“I have raised the location of the proposed metro sports facility as an example. It is planned to be located on the corner of Moorhouse and Ftitzgerald Avenues. Not only will this be contaminated land (it’s where the Red Bus company is located), it is over the road from AMI Stadium which suffered major liquefaction, with the resultant damage leaving in doubt its very future.
“I hope that the council will be willing to highlight the risks as well as the opportunities that the recovery presents when it reports to the Government,” Lianne Dalziel said. “As I said in my submission, I believe the draft plan captures an image in my mind’s eye of what I want the Christchurch of my childhood to look like in my retirement, but I want the plan to be realistic and achievable.”
Lianne Dalziel will present her submission to the council tomorrow in the Balmarino Room, Riccarton Park Events Centre, at 10am.
Submission attached below:
Submission on draft Central City Plan
MP for Christchurch East
I would like to present my submission in person at the hearings that have been scheduled.
I am impressed with how the Council staff have managed to distil the essence of the community response to the “Share an Idea” process in order to produce a visionary and exciting draft Central City Plan. I have read Volume 1 (I have not read the regulatory volume) and it captures an image in my mind’s eye of what I want the Christchurch of my childhood to be in my retirement. I have become used to saying we have a ‘new kind of normal’, because getting back to normal is no longer something we can hope for. Our ‘new kind of normal’ must be better and more resilient than before. It must not re-entrench pre-existing vulnerabilities.
There are four issues that I wish to address – the first is something that I believe the Council must address in the final plan – the second relates to specific proposals, the third relates to a single element of the plan and the fourth is one that the Council cannot explicitly address due to the provisions of the Canterbury Earthquake Recovery Act 2011, but which I hope that you comment on in providing the final plan to the government. They are the nature of the ground upon which the city has been built, suggestions around specific recommendations, the lack of a coherent transport strategy for the city as a whole and finally the disconnect between the CBD and the rest of Christchurch.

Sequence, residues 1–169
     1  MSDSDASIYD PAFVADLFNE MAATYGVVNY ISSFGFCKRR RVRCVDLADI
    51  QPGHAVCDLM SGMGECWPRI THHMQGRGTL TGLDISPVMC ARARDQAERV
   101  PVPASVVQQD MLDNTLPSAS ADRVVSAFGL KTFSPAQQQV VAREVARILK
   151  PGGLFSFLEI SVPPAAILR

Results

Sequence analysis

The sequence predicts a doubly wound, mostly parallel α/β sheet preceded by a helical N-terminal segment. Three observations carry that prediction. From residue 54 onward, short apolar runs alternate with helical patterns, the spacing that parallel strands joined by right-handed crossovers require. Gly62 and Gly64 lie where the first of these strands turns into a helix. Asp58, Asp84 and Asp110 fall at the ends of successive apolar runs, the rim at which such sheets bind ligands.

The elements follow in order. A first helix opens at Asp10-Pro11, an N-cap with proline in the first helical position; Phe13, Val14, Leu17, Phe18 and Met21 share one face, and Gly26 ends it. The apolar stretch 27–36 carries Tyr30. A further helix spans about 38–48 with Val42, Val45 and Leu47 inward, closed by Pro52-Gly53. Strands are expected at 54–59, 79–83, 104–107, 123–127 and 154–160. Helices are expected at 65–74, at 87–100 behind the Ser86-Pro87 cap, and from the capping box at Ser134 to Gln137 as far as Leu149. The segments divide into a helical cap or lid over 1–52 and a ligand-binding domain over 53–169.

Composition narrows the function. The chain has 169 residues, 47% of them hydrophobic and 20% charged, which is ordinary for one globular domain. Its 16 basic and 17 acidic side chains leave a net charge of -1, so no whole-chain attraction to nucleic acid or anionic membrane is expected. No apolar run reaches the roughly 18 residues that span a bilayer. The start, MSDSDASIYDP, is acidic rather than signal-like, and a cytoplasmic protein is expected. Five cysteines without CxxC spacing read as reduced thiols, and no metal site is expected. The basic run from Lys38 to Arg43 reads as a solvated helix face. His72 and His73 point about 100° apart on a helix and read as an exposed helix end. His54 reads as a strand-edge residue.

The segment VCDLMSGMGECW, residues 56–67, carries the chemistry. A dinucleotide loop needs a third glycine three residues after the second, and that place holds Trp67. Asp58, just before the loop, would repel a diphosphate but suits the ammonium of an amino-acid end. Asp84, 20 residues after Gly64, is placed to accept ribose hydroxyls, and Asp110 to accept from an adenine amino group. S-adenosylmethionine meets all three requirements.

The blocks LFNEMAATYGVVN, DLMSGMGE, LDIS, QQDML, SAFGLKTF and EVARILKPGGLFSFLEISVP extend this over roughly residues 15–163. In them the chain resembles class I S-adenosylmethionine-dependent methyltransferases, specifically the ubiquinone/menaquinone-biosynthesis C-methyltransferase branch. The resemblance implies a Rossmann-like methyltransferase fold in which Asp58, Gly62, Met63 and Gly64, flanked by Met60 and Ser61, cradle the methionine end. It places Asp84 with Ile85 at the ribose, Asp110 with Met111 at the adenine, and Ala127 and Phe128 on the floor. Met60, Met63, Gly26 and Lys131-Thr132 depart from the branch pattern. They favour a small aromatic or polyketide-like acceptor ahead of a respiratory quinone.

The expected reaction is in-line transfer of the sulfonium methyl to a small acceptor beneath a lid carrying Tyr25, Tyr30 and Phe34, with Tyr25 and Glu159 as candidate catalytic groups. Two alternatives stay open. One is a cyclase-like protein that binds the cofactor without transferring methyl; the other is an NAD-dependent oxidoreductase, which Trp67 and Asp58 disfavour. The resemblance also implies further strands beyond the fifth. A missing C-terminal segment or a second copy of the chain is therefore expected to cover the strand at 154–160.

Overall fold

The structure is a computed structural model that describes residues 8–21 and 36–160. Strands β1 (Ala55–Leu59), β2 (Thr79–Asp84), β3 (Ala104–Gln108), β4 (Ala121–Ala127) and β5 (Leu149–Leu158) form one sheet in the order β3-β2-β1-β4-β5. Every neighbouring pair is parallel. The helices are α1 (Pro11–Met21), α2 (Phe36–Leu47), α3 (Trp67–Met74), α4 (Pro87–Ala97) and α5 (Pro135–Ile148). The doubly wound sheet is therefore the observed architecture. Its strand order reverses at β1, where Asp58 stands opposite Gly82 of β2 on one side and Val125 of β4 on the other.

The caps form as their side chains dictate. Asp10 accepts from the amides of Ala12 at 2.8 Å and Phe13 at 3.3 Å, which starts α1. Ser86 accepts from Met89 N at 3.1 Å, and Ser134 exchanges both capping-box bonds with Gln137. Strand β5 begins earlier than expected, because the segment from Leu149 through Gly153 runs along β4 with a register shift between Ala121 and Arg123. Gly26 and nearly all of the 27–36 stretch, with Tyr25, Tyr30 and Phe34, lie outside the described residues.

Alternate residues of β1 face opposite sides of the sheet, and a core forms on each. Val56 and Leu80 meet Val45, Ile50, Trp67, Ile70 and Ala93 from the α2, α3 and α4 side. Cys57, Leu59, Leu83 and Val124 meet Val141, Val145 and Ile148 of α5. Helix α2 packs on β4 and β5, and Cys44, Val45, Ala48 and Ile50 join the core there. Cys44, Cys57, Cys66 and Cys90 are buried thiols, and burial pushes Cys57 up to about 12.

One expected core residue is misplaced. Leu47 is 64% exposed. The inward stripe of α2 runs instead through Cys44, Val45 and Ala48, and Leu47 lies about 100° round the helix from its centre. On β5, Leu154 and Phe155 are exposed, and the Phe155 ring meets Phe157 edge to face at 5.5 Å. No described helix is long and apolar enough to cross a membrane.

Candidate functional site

1. The Ground beneath the Central City
I have attended a number of seminars this year, which have focused on the nature of the ground Christchurch has been built on.
The Royal Commission on Building Failures has already made public technical reports about the ground and other matters. There are no such equivalent reports to support this draft plan and I believe this is a major omission.
Although it is said (p22) that current findings support that it is feasible to design and construct future structures on each of the Central City Plan project principal sites and to promote a minimum 25-30-metre setback from the river banks, none of those findings are available and it is not clear how these and future work will “inform” the final plan. I have taken an extract from the summary of the Foundations on Deep Alluvial Soils report:
“In the top 20m to 25 m, the CBD soils consist of recent alluvial soils including gravels, sands, silts, peat and their mixtures. The soils are highly variable within relatively short distances, both horizontally and vertically. Considering their composition (sandy soils and nonplastic silts), age (recent deposits, few hundreds to a few thousand years old) and depositional environment (river, swamp and marine sediments), these soils are generally considered susceptible to liquefaction, and in some cases (when deposited in a loose state) they exhibit very low resistance to liquefaction.